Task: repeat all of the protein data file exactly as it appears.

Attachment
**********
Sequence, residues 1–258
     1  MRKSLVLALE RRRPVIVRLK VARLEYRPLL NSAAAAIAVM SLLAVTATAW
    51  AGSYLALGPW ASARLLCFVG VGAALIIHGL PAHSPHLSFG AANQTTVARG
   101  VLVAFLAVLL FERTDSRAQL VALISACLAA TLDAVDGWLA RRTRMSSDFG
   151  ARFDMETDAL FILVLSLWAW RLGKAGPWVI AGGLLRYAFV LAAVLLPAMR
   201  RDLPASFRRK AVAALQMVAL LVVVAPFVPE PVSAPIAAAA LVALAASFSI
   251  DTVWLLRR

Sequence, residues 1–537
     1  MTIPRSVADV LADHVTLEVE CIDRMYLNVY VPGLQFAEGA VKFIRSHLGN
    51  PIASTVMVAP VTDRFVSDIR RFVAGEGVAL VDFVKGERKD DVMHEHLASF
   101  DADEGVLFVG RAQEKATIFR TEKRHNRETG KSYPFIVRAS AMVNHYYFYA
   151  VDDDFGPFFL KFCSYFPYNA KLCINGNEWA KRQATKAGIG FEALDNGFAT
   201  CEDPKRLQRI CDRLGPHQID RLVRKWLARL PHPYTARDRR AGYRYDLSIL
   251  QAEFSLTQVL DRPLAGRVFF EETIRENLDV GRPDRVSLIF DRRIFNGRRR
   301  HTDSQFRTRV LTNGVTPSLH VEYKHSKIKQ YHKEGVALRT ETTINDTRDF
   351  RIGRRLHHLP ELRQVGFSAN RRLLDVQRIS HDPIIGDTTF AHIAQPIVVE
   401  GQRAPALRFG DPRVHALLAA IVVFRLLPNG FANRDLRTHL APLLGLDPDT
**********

Sequence, residues 1–258
     1  MRKSLVLALE RRRPVIVRLK VARLEYRPLL NSAAAAIAVM SLLAVTATAW
    51  AGSYLALGPW ASARLLCFVG VGAALIIHGL PAHSPHLSFG AANQTTVARG
   101  VLVAFLAVLL FERTDSRAQL VALISACLAA TLDAVDGWLA RRTRMSSDFG
   151  ARFDMETDAL FILVLSLWAW RLGKAGPWVI AGGLLRYAFV LAAVLLPAMR
   201  RDLPASFRRK AVAALQMVAL LVVVAPFVPE PVSAPIAAAA LVALAASFSI
   251  DTVWLLRR

Sequence, residues 1–537
     1  MTIPRSVADV LADHVTLEVE CIDRMYLNVY VPGLQFAEGA VKFIRSHLGN
    51  PIASTVMVAP VTDRFVSDIR RFVAGEGVAL VDFVKGERKD DVMHEHLASF
   101  DADEGVLFVG RAQEKATIFR TEKRHNRETG KSYPFIVRAS AMVNHYYFYA
   151  VDDDFGPFFL KFCSYFPYNA KLCINGNEWA KRQATKAGIG FEALDNGFAT
   201  CEDPKRLQRI CDRLGPHQID RLVRKWLARL PHPYTARDRR AGYRYDLSIL
   251  QAEFSLTQVL DRPLAGRVFF EETIRENLDV GRPDRVSLIF DRRIFNGRRR
   301  HTDSQFRTRV LTNGVTPSLH VEYKHSKIKQ YHKEGVALRT ETTINDTRDF
   351  RIGRRLHHLP ELRQVGFSAN RRLLDVQRIS HDPIIGDTTF AHIAQPIVVE
   401  GQRAPALRFG DPRVHALLAA IVVFRLLPNG FANRDLRTHL APLLGLDPDT